Many thanks to SWLing Post contributor, Rob Zingarelli, who shares the following guest post that originally appeared on his blog in October, 2020:
Shortwave Antenna: Vertical or Horizontal?
by Rob Zingarelli
This is a question that has circled around on the fringes of my consciousness for years now, but one that I’ve never quite found time to test. And it is a simple question: When using a random wire antenna with a portable shortwave receiver, is it better to string the wire vertically or horizontally, or does it even matter? Mostly this is a question when out camping, because arranging a 19′ wire vertically is usually a good bit more involved than just stringing it out along some nearby bushes.
Before going any farther, I want to point out that this is an exercise in ordinary backyard shortwave listening with relatively inexpensive equipment. There are many, many better-engineered and more costly solutions to the technical challenge of shortwave scanning, and this does not address any of those sophisticated approaches. This is for the person who opens up the box and wonders about the best way to hang the included long-wire auxiliary antenna.
Equipment: Tecsun PL-660 SW/AM/FM/Air Band receiver, with its included 19′ random-wire antenna. Internal battery power used.
Conditions & Time: Clear local weather. hamqsl.com’s nowcast of band conditions were fair from 3.5-14.35 MHz, and poor for higher frequencies, with SFI = 72, SN = 26, A = 5, K = 1. Time was 21:00-21:30 UTC, or 4-4:30 pm local CDT.
Procedure: Out in the backyard (typical residential neighborhood, well-spaced ~150′ between houses, above-ground power lines 125′ away), suspend random wire from ground to its full length. This was achieved using a length of paracord over a tree limb, with the tree trunk ~30′ from the radio’s location. With the PL-660’s antenna gain control set to “Normal” (i.e., the mid-setting of Local-Normal-DX) and the bandwidth set to narrow, use the receiver’s automatic scan function to see how many stations were received. Make notes of the number of transmissions detected, reception characteristics and quality, and any perceived noise levels. Re-orient the antenna to a low horizontal position, over two sawhorses approximately 3′ high (see picture), and repeat.
Sawhorses spaced ~17′ apart. Radio and notepad can be seen on ground in front of the near sawhorse.
Results: For the vertical antenna orientation, 32 stations were detected between 5959 – 15730 kHz. Nearly all were intelligible, with those at the lower end more steady and those a the higher end much more variable in strength. For the horizontal antenna orientation, 21 stations were detected between 9265 – 1570 kHz. Similar overall signal quality was heard for the received stations in either antenna orientation. More noise was noticeable at the lower frequencies between the stations for the vertical antenna orientation. However, this was significantly below the received signal levels, and not an issue in the overall listening quality.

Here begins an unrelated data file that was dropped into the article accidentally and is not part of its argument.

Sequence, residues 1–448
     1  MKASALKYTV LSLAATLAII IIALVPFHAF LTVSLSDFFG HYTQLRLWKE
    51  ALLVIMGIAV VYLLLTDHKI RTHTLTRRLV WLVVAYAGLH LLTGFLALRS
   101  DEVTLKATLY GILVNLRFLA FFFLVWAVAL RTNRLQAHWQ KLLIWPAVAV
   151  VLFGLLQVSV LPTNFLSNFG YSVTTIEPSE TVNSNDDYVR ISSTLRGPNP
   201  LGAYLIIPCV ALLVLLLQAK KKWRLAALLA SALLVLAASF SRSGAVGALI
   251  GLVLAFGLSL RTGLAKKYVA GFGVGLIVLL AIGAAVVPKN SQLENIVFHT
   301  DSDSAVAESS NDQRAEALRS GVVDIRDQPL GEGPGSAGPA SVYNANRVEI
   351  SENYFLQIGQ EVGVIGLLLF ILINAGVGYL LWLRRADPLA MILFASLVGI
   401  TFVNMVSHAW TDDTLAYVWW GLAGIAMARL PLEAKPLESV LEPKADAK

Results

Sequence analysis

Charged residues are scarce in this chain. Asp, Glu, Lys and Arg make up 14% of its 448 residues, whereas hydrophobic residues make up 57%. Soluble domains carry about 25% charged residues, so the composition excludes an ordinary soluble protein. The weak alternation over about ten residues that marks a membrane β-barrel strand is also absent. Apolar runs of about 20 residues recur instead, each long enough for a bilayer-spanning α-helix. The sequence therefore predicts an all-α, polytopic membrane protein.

Conclusions & Discussion: Suspending the wire antenna vertically worked better, especially at the lower frequencies. Getting a wire up 21’+ vertically is usually not as convenient as stringing it horizontally, but it may be worth the extra effort, depending on the location, campsite, nearby trees, etc. The overall conditions were typical for fall camping weather, with fair-to poor radio propagation conditions, so this result should be broadly applicable for how SW portables are often used. This result may change with propagation and radio noise conditions, both for atmospheric and local noise sources. Testing will continue as propagation conditions improve with solar cycle 25 getting underway.
Addendum, 10/12/20: While writing this up yesterday evening, it occurred to me that I hadn’t tested the PL-660’s built-in whip antenna. This comparison is important, because sometimes the wire antenna is too cumbersome to deploy. So, how does the whip antenna compare?
Conditions & Time: Overall, very similar to yesterday. hamqsl.com reports fair conditions from 3.5–14.35 MHz, and poor for higher frequencies. SFI = 72, SN = 26, A = 3, K = 1. Same time of day as yesterday’s testing.
Procedure: Repeat of yesterday, with the whip antenna added to the test. The whip was oriented vertically.
Results: For the vertical 19′ wire, 31 stations were found by the auto-scan function between 2380 – 15770 kHZ. Electrical noise was low but audible in the 3 MHz region, fading to none at higher frequencies, and not a significant source of interference with any stations. For the horizontal wire, 15 stations were found between 9265 – 13630 kHz. Electrical noise was barely audible. With the whip in use only 1 station was found. Switching the antenna gain to its DX (most sensitive) setting, 6 stations were found.
Revised Conclusions: Adding to yesterday’s conclusions, the whip antenna functioned but was vastly inferior to the wire antenna in either configuration, even with the gain set to DX. Today’s results with the wire antenna were, unsurprisingly, very similar to yesterday’s, given that the ionospheric and weather conditions were nearly identical. Noise was not a factor in receiving for any of these antennas or configurations, but did noticeably increase for the vertical wire antenna.
Thank you for sharing this, Rob! It’s experiments like this that help us determine, especially, what antenna setups work at our own particular locations since RFI characteristics can vary so much. I’m guessing had your horizontal wire been elevated to even 20′ off the ground it might have produced better results, but sometimes this can be difficult to achieve. I like how you used the auto search function to determine the number of stations you could receive with each setup and it was a great addition to include the built-in telescoping whip.
Thank you again for sharing your results with us!